Desiderius Erasmus (AKA Desiderius Erasmus Roterodamus or Desiderius Erasmus of Rotterdam) (1466 – 1536) was a Dutch philosopher and theologian of the Renaissance. He is best known as an early Humanist (sometimes known as “Prince of the Humanists” or “the crowning glory of the Christian Humanists”), and the intellectual father of the Reformation. He was instrumental in rescuing Christian theology from the pedantries of the Scholastics.
He was a very learned classical scholar, and was especially interested in the study of ancient languages. Although his Latin and Greek editions of the New Testament earned him enemies among both Catholics and Protestant Reformers, his works were hugely popular and influential, both during his life and afterwards (in the 1530’s, his writings accounted for 10 to 20 percent of all book sales).
Erasmus was born in Rotterdam, Holland, on 27 October 1466 (or possibly 1469). He was born with the Dutch name Gerrit Gerritszoon but adopted the name Erasmus after the early Christian saint of that name. He was almost certainly illegitimate, his father, Gerard Rogers, later becoming a priest, and his mother Margaretha being the daughter of a physician. He lived his first four years in Rotterdam, before moving to his parents’ home town of Gouda.
Despite being illegitimate, his parents looked after and educated him. At nine years of age, he went to the school of the celebrated Humanist Alexander Hegius (1433 – 1498) in Deventer, run by the Brethren of the Common Life, where he soon exhibited a brilliant intellect, a wonderful memory and extraordinarily quick powers of comprehension. When both his parents suffered early deaths from the plague in 1483, his guardians forced him into in a series of monastic schools, including, in 1486, the Augustinian college of Stein (near Gouda), where he spent almost six years and had a first-hand taste of monastic life which forever coloured his views.
In 1491, a fortunate accident allowed Erasmus to leave the monastery for the post of secretary to Henry of Bergen (the Bishop of Cambray), on account of his great skill in Latin and his reputation as a man of letters. In 1492, the Bishop ordained him to the Catholic priesthood, although he never actively worked as a priest, and throughout his life he regularly attacked the monasticism of the time and the Church’s excesses in general. In 1495, with the bishop’s consent, he went on to study and also teach at the University of Paris, specifically at the Collège de Montaigu, under the strict direction of the ascetic Jan Standonck. The college was known as a centre of reforming zeal, and the University, although still the chief seat of Scholastic learning (which Erasmus found repugnant), was already coming under the influence of Humanism.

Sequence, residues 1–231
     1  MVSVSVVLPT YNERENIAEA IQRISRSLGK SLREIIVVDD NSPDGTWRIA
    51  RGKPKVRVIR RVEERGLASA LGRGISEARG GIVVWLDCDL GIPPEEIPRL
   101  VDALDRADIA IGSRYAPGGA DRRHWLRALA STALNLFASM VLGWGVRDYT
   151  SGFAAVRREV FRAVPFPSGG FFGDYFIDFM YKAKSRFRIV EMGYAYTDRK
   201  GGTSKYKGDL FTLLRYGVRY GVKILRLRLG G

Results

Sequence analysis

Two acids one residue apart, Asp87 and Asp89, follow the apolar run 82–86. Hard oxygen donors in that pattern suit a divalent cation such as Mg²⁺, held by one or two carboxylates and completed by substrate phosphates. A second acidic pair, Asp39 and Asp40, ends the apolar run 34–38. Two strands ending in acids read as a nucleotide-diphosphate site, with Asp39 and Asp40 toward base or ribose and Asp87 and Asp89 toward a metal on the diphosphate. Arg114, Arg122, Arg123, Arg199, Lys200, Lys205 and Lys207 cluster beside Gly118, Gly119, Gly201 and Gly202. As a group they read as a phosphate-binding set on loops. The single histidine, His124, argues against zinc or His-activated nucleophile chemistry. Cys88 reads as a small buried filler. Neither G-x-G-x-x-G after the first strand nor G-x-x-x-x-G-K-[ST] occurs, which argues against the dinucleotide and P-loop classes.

He made his first visit to England in 1498, where he lived chiefly at Oxford, before returning to Paris in 1500 where he spent the next six years, and started his early writings. In 1506, he made another short visit to England, and then carried out a long-desired journey to Italy, staying at Padua and Rome and at a publishing house in Venice. With the accession of King Henry VIII in 1509, Erasmus’ old student Lord Mountjoy induced him once more to make England (more specifically, Cambridge) his home, where he was granted the position of Lady Margaret’s Professor of Divinity and stayed for some time at Queens’ College. During this time, he was particularly impressed by the old-style Bible teaching of the English Humanist and theologian John Colet (1467 – 1519). After 1514, he lived alternately in England and Basel, Switzerland, and from 1517 to 1521 at Louvain in Flemish Belgium. After this, with the exception of six years in Freiburg, Switzerland, he spent the rest of his life at Basel.
While in England in 1515, Erasmus had begun a search for available manuscripts of the Greek New Testament with the goal of meeting the demand for a printed edition before the Polyglot Bible project could be finished. Inspired by Colet, and despite his continuing poverty, he rapidly mastered the Greek language and set about preparing a new edition of St. Jerome’s 4th Century Bible translation. This resulted in his “Textus Receptus”, of which he produced several versionsover the subsequent years.